Ohio State offense can’t find its groove against Tide defense
Published 12:42 am Tuesday, January 12, 2021
MIAMI GARDENS, Fla. (AP) — Justin Fields and the prolific Ohio State offense, fresh from piling up 639 yards in a semifinal win over Clemson, couldn’t find the same groove against Alabama on Monday night.
Fields, who passed for 385 yards and six touchdowns against Clemson, had some outstanding moments against Alabama but not enough to make a difference. The Tide built up a big lead by halftime and a smothering pass rush kept the Buckeyes offense in check on the way to a 52-24 Alabama win.
“On offense we couldn’t go score for score with them and it got out of hand,” Ohio State coach Ryan Day said.
Day acknowledged Fields was still bothered by a shot to the ribs that he took against Clemson that had him writhing in pain on the field.
“You know, he was not 100% tonight,” Day said. “He was working through it and made some really good throws and made some gutsy plays and kept us in the game there for awhile.”
Fields wouldn’t reveal much about how the injury affected his play. “I was able to be out there,” he said.
Ohio State running back Trey Sermon, who electrified the Buckeyes’ ground game in the three previous games, was lost to an injury during the first series, and the team’s best offensive lineman, Wyatt Davis, reinjured a knee late in the first half. Sermon had a single carry for two yards.
Master Teague III, who began the season as a starter, took over for Sermon and had touchdown runs of eight and four yards but Ohio State moved away from the run game in the second half as Fields had to look for chunk plays to try to catch up. The Buckeyes (7-1) had just 147 rushing yards, with Fields getting 67 of them.
Playing from behind for three quarters, Fields was 17 for 33 for 194 yards. Meanwhile, Ohio State’s defense couldn’t stop Heisman Trophy winner DeVonta Smith and keep Alabama out of the end zone.
“We came in and played physical and strong and we came to dominate,” Alabama defensive tackle Christian Barmore said.
Fields, who is projected as a first-round draft pick, finished his second year as the Ohio State starter the same way he finished the first — with a loss. He went 20-2 as a two-year starter.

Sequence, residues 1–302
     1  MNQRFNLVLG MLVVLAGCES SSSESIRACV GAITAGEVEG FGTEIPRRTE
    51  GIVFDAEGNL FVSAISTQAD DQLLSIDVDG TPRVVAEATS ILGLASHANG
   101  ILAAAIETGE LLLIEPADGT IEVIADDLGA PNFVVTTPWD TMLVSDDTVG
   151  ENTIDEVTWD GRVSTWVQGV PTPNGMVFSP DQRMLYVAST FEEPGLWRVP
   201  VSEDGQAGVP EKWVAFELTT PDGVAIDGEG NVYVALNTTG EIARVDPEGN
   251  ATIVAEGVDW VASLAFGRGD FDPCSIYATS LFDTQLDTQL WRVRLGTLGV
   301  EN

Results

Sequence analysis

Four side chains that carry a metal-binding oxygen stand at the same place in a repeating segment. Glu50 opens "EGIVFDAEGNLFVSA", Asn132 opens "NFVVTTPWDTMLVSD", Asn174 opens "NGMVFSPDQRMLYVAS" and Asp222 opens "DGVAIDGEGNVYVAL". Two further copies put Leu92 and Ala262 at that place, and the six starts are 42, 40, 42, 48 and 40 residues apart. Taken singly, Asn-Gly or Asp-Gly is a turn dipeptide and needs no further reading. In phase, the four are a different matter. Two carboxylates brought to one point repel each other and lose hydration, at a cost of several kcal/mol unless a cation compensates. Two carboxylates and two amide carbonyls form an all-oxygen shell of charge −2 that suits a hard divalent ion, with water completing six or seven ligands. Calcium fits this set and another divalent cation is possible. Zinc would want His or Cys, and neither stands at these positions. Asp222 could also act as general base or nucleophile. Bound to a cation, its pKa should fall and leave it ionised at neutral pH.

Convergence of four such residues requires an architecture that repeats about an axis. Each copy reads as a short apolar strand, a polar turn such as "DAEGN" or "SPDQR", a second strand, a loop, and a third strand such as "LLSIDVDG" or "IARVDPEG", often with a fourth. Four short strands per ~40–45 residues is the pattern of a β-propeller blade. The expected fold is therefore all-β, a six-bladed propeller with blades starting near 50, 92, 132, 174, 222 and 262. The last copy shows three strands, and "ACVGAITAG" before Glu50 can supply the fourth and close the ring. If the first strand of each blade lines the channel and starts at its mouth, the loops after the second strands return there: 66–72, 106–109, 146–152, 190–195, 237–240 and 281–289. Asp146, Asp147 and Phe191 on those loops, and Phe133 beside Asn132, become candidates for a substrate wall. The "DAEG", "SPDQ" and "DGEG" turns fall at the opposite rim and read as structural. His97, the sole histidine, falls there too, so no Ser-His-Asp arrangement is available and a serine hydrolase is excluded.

“I was telling the younger guys that they have a lot of years left, and I was telling them to remember that and never, never let it happen again,” said Fields, who will be remembered for his leadership in an unpredictable season disrupted at every turn by the pandemic.
The Big Ten suspended the season in August, reinstating it a month later following a campaign led by Fields and others. Amid COVID-19 outbreaks that took key players out of the lineup, the Buckeyes won all five of the games they played in empty or nearly empty stadiums while remaining separated from their families.
There were anxious moments before the Big Ten changed the rules to allow Ohio State to play in the conference championship game. The Buckeyes dominated Northwestern with a 331-yard game from Sermon and despite a disappointing performance from Fields, who finished the game with a sprained thumb on his throwing hand.
In the 49-28 win over Clemson in the semifinal game, Fields cemented himself in Ohio State lore when he came back on the field and threw a touchdown pass after taking the vicious hit to the ribs.
Defensive tackle Haskell Garrett not only played the season but excelled despite having been shot in the face while breaking up an altercation on a street near campus in late August.
“When you look a team in the eye in a locker room after the long season we’ve been through, it’s hard to start focusing on one or two plays or whatever it was, because they’ve been through so much,” Day said.